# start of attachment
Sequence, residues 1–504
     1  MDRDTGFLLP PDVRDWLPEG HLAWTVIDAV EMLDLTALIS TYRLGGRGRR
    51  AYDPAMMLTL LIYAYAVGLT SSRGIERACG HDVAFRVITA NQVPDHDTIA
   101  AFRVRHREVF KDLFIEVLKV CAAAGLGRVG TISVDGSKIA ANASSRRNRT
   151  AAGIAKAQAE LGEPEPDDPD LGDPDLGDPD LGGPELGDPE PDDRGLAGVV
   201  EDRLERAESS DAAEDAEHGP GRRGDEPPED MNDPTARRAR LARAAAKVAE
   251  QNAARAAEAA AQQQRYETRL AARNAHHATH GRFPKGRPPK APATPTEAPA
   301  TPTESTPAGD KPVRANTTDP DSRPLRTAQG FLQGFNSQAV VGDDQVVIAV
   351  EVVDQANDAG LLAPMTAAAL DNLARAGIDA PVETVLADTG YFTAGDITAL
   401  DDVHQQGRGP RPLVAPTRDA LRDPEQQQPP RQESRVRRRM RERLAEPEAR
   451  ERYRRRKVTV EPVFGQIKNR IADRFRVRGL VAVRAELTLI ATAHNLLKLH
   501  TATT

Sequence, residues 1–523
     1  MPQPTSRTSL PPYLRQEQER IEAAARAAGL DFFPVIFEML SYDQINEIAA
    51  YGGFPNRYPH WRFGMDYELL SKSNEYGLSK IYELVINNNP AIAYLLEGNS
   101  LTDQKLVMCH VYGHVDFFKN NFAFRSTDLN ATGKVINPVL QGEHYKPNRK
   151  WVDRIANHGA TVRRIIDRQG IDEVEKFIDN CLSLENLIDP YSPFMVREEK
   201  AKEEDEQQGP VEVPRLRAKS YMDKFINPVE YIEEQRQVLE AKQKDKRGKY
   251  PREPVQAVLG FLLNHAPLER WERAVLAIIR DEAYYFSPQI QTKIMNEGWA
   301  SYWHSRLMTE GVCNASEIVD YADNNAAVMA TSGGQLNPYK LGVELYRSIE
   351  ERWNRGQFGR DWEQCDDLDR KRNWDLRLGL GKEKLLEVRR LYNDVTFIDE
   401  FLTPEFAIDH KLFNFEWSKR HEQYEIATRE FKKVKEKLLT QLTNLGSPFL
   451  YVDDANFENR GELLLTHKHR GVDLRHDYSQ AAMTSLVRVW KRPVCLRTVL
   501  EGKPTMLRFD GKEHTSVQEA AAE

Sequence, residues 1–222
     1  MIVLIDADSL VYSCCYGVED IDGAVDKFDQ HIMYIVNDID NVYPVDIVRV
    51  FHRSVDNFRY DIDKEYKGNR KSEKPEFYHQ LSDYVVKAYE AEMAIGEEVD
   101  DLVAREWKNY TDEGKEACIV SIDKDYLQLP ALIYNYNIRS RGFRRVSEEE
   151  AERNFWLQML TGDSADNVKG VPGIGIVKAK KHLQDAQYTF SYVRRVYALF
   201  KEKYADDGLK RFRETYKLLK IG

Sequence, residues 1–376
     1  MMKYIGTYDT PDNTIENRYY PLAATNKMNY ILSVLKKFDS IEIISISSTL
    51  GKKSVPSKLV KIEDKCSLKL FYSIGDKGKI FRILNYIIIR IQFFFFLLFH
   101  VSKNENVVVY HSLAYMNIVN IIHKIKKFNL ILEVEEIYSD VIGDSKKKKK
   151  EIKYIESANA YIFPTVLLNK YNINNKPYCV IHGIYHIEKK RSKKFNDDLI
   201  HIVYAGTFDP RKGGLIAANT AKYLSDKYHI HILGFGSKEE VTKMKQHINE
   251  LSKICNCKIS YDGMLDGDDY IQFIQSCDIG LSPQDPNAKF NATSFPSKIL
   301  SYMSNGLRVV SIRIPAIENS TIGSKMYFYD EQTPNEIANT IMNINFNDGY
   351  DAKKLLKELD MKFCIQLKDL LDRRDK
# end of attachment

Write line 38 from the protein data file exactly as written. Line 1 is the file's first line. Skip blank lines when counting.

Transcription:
   301  SYMSNGLRVV SIRIPAIENS TIGSKMYFYD EQTPNEIANT IMNINFNDGY